Washington (CNN)–– Latinos are being targeted by both campaigns for their vote this November, but are the candidates targeting them in the most effective way?
The United States Hispanic Chamber of Commerce and the Kantar Media/Campaign Media and Analysis Group launched a project on Tuesday, 'Speak Our Language: Spanish Political Media,' to "seek to ensure that political candidates prioritize Spanish language political campaign advertising in a manner that is proportionate to how critical the Hispanic vote is to so many races across the country during the cycle."
The new project will "track and analyze Spanish language ad spending through the election." They also plan to point out political organizations that ignore Spanish media outlets.
"The unfortunate reality is that historically, political candidates, on both sides of the aisle, in both parties, and the various organizations that support them, have largely ignored the media platforms that Hispanic voters consume most," President of USHCC, Javier Palomarez stated.
Palomarez highlighted that Latinos consume Spanish language television, radio, print, and online outlets, as oppose to English networks.
"Some might joke that Latinos are perhaps the luckiest people living in America today because they don't get bombarded by these political ads," Palomarez said. "In regardless of how one feels about political ads, in America and in America today, ads are the primary vehicle through which candidates communicate their message directly and seek their support of the voter."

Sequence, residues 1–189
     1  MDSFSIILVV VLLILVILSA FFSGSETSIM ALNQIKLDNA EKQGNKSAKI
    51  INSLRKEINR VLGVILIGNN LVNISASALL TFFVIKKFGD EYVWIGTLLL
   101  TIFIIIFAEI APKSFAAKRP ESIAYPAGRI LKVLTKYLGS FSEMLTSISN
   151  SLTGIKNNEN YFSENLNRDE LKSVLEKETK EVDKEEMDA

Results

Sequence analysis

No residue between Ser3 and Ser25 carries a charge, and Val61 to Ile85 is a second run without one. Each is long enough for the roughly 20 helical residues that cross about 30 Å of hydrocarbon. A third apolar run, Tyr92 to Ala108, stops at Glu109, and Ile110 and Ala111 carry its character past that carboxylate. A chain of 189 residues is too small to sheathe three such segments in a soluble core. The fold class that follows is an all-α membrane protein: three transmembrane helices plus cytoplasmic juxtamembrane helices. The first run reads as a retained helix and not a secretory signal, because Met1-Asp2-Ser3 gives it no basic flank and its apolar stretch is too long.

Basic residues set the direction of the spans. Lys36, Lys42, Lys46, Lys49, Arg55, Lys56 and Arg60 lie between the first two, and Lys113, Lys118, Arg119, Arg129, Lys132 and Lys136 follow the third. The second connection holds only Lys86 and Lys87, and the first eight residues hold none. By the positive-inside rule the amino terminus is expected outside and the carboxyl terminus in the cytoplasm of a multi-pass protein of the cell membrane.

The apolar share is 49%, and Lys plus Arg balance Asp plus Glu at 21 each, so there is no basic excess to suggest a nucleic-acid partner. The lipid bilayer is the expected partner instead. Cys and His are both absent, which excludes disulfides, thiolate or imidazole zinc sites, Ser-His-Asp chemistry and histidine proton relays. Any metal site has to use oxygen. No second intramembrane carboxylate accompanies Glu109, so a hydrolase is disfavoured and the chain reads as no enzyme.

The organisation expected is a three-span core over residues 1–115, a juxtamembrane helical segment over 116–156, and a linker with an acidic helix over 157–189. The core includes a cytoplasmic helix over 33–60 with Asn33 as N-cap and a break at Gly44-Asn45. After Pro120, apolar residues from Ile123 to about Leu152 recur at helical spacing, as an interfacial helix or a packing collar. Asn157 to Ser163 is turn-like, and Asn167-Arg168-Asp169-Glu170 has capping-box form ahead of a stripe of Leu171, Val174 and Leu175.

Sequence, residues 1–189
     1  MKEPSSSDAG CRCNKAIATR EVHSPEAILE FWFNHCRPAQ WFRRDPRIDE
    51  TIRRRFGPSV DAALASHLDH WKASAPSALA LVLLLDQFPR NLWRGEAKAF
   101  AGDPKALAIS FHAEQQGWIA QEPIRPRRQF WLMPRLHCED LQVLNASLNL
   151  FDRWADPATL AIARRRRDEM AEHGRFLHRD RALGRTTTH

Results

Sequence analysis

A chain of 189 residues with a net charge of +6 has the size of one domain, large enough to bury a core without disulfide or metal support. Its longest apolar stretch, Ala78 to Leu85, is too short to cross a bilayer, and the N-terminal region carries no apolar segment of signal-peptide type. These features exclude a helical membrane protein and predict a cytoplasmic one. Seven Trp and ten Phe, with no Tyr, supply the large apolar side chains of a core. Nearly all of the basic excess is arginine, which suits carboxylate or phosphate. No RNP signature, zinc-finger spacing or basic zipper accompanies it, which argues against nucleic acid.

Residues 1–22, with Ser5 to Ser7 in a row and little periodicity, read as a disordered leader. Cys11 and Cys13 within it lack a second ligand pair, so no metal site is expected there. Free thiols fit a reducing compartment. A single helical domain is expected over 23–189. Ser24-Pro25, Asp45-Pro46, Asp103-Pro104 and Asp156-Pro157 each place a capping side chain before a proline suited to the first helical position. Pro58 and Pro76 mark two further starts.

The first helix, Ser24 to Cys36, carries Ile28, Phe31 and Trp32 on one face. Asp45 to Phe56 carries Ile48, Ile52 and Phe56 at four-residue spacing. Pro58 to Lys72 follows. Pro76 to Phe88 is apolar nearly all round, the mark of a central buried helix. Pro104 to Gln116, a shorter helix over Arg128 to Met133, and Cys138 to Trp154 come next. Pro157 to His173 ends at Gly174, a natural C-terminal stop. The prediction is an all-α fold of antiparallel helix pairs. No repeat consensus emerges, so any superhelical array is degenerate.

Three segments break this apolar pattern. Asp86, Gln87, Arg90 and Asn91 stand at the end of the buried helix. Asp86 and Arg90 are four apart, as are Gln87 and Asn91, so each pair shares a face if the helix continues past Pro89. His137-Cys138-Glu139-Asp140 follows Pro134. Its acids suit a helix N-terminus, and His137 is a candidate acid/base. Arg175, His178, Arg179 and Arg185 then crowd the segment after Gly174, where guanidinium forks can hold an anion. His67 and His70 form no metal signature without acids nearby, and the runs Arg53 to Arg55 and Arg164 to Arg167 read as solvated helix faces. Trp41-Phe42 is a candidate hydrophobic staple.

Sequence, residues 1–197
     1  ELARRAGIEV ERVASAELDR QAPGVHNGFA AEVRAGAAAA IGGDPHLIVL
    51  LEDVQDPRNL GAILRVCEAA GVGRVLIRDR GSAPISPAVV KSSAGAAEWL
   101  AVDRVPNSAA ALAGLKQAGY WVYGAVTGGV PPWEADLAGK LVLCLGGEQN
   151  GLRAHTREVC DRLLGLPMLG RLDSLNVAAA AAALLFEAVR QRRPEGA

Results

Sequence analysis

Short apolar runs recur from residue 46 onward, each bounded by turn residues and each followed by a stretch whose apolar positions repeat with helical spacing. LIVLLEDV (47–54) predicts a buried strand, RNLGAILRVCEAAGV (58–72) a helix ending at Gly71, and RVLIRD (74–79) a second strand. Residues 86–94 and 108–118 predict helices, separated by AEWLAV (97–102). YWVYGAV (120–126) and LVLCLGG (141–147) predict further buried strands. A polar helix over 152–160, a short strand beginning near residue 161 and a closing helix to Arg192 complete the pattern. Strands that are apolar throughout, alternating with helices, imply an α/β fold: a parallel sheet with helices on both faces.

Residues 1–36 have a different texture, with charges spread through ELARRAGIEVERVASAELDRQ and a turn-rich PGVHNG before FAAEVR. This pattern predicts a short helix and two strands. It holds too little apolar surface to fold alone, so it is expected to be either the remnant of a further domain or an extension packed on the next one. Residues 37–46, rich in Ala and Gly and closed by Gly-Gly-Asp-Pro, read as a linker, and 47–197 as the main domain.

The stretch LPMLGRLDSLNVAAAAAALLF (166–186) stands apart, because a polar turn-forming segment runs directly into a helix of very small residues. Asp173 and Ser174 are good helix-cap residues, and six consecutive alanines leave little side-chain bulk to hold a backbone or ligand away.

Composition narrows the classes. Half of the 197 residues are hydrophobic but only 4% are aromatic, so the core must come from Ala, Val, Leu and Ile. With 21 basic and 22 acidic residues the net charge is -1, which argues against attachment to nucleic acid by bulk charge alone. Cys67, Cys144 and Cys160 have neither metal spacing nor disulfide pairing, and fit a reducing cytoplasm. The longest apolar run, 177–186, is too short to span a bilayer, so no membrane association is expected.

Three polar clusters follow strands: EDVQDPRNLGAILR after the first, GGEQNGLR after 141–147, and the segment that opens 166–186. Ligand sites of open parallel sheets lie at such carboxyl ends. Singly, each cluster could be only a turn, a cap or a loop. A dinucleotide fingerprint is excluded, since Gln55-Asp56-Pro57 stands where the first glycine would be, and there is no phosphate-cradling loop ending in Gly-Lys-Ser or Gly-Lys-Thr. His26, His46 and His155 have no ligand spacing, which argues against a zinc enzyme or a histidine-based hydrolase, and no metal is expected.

According to the President of CMAG, Ken Goldstein, over half of political funding is spent with television.
When analyzing 28 media markets with television stations, Goldstein analyzed how much was spent on non-political Spanish ads to establish a baseline. In 2008, Denver, Colorado advertisers gave 14 percent of their ads to the 28 Spanish speaking markets. Two and a half percent were from Spanish political advertisements. There were only three markets found where Spanish political ads run were equal to those politcal ads run in English.
"When candidates ignore Spanish language media, they are ignoring millions of Hispanic voters and that is unacceptable," Palomarez stated.
As a reflection of the importance of the Hispanic voter, both parties have chosen Latino speakers for their conventions including Florida Sen. Marco Rubio introduction Republican presidential candidate, Mitt Romney and San Antonio, Texas Mayor, Julian Castro delivering the Democratic National Convention keynote speech.
President Obama won 67 percent of the Latino vote in 2008, and according to a NBC Wall Street Journal Telemundo poll conducted July 18-22, the president is still in high favor with 67 percent in comparison to Romney with 23 percent. The poll has a sampling error of 5-7 percent points.
CMAG tracks political ad spending for CNN as a paid consultant.